I’m not quite sure what to make of Finley. First impressions were that here was a player from an inferior league who wasn’t going to cope with the step up. Indeed, he spoke openly about how he found the adaptation process difficult – indeed, he was concerned that the Conference was an environment which made passing the ball around much more difficult than the League of Wales, which seemed surprising . Yet things improved. He never became the fluent passer he suggested he’d be, but he was certainly a diligent and disciplined midfielder who looked like he could offer more. I’d have been quite happy if had Gary Mills decided to have a look at him this season. 6/10
Was the failure to make the most of Hunt-or more to the point recognise what he could bring to the side-a contributory factor in Kevin Wilkin’s demise? Hunt had been our top scorer in the previous season, and had established himself as a valuably flexible player. His movement when we had the ball and discipline when we didn’t often made us look like a better side even when he wasn’t necessarily standing out on the ball. However, there was a strong suspicion that he wasn’t a Wilkin signing, and the manager certainly didn’t act like he’d wanted to bring Hunt in. He was available for 27 matches but only started 10. We won 4 of them, drew 3 and lost 3, but there were extenuating circumstances surrounding 2 of those losses – one was to Stoke in a game he played well in, and another was his one start at left back which wasn’t his best position. In those 27 games, Elliott Durrell started 23. Choices like those can cost a manager, and although you certainly couldn’t describe Hunt’s spell as a success, that wasn’t really his fault. 5/10
A success! A class act from the moment he danced over the mud in Halifax to set up Neil Ashton’s winner in the FA Trophy, Morris brought some quality on the flanks, scored a fine winner in a cross-border derby and got two at Torquay to send us to Wembley. When he left Carl Darlington had to abandon the width in our side and play a diamond. I think it’s fair to say that’s a fair definition of a successful loan spell. 7/10
Why did we bring him in? He arrived with a promising pedigree and looked lively off the bench on his debut at Chester. But he just wasn’t given a chance, which makes you wonder why he was brought in to begin with, In total he spent 31 minutes on the pitch, all off the bench, and was then sent back. Since he left us he has scored 12 goals in 34 league starts, which would extrapolate to 16 goals in a full 46 match season, suggesting he’s capable of offering good value from wide attacking areas. A disastrous loan spell, but it wasn’t his fault. 1/10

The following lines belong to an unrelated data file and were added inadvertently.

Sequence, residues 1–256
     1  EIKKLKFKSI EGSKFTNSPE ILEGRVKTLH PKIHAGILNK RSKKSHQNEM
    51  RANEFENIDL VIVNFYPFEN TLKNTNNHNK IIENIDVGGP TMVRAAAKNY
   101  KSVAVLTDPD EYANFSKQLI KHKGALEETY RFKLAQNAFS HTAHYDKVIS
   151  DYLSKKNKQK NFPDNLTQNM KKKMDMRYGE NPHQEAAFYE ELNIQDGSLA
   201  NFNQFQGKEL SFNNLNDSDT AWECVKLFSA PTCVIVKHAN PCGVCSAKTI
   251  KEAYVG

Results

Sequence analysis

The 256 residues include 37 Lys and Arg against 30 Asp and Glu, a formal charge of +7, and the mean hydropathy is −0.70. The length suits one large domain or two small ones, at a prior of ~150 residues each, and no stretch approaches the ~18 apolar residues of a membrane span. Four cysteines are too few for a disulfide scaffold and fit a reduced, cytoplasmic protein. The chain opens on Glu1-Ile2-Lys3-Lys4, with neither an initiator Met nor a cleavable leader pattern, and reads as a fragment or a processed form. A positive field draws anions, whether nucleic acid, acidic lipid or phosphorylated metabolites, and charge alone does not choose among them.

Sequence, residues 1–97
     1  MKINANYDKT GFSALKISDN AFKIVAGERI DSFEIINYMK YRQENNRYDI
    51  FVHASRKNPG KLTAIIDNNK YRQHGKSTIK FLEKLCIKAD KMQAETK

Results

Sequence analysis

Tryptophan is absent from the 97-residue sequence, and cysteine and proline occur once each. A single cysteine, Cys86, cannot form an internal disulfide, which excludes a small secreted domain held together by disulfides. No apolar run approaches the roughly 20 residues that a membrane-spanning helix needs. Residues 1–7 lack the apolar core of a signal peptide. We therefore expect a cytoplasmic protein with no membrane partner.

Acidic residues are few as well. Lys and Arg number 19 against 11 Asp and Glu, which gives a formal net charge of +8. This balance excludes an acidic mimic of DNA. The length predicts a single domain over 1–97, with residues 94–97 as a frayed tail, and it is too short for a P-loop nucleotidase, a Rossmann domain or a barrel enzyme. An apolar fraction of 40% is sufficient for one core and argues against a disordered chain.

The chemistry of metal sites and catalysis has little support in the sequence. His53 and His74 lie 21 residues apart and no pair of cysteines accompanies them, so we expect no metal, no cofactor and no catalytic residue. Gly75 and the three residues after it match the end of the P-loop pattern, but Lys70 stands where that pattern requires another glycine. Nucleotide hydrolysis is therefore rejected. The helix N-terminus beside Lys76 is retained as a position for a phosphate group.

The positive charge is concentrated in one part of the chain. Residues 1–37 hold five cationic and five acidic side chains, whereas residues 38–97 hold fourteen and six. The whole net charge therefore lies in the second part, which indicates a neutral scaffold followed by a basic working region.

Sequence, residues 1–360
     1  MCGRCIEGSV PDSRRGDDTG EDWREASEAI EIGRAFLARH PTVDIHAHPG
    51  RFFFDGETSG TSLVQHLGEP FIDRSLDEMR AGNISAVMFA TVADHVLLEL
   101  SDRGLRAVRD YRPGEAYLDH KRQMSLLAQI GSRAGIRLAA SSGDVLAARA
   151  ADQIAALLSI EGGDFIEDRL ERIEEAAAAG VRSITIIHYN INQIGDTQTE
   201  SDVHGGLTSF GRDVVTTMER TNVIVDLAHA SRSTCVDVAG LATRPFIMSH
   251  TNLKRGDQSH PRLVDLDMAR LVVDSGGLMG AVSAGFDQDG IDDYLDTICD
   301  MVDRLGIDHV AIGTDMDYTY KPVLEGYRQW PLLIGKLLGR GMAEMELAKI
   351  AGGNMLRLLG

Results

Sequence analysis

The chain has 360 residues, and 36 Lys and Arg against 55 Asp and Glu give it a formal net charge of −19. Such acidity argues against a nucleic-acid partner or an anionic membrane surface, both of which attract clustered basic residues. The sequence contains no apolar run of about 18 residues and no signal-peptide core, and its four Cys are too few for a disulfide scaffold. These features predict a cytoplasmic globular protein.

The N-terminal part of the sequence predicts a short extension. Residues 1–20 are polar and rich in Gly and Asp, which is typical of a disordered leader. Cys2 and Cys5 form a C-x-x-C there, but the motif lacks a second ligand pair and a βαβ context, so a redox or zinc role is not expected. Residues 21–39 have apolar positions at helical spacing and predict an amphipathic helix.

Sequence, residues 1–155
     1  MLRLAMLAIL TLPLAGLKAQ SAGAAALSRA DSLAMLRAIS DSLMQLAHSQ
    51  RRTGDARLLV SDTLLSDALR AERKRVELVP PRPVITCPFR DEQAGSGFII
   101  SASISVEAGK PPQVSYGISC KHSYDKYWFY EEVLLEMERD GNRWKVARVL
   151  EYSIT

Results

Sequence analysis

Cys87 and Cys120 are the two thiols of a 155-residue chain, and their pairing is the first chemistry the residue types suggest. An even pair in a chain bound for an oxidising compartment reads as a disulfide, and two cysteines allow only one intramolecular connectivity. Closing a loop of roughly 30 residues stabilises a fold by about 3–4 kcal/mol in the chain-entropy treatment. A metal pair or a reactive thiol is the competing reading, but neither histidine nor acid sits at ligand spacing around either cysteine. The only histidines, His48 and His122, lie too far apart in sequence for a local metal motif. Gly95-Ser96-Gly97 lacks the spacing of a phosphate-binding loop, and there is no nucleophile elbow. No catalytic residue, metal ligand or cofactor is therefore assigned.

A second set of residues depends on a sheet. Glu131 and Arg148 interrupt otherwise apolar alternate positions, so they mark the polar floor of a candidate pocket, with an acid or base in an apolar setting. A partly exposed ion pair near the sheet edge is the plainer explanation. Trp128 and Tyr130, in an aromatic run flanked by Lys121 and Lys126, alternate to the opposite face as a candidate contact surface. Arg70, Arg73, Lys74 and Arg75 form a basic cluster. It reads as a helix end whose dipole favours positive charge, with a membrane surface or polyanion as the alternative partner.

NO PICTURE OF THOMPSON IN A WREXHAM KIT EXISTS AS SHUTTER SPEEDS ARE NOT QUICK ENOUGH
Thompson spent more time on the pitch than Holman, but somehow his loan spell feels more disappointing and bewildering. Undoubtedly the poster boy of last season’s failed approach to temporary signings, there seemed little need to draft in a wide attacking player when Wes York Durrell, Hunt, Connor Jennings and Nick Rushton were all fit and available for selection. Bizarrely, that seemed to be how Wilkin saw things, as Thompson spent his first two matches as an unused sub, and was left out of the squad completely for the next game. He finally got his chance when we rotated the side for the FA Trophy match at Southport, but he lasted just 45 anonymous minutes before pulling a muscle and bringing his time with us to an end. 1/10
The disconnection between our recruiting and selection policies last season is something worth examining (That’s a challenge, aspiring bloggers!) and the fact that we are still using the loan system to bulk out our squad rather than add to our starting eleven suggests it’s a deliberate club policy over and above the identity of our manager.
It’s interesting to compare the use of the loan system before and after this apparent shift happened though. Andy Morrell was generally criticised for his use of the transfer market and the suggestion that he might not be able to replenish the squad effectively was certainly expressed in some areas within the club while he was still caretaker. However, his use of the loan market looks a good deal more effective than what has happened since, with more hits than misses against his name.
Okay, he brought in Dele Adebola and Danny Alfei, neither of whom will go down in the club’s Hall of Fame. However, his other loans all have at least some merit and none could be considered an outright failure: Danny Livesey, Chris Maxwell, David Artell and Andy Bishop is a much shorter list. more effective list of players than the ones I’ve been rating out of ten!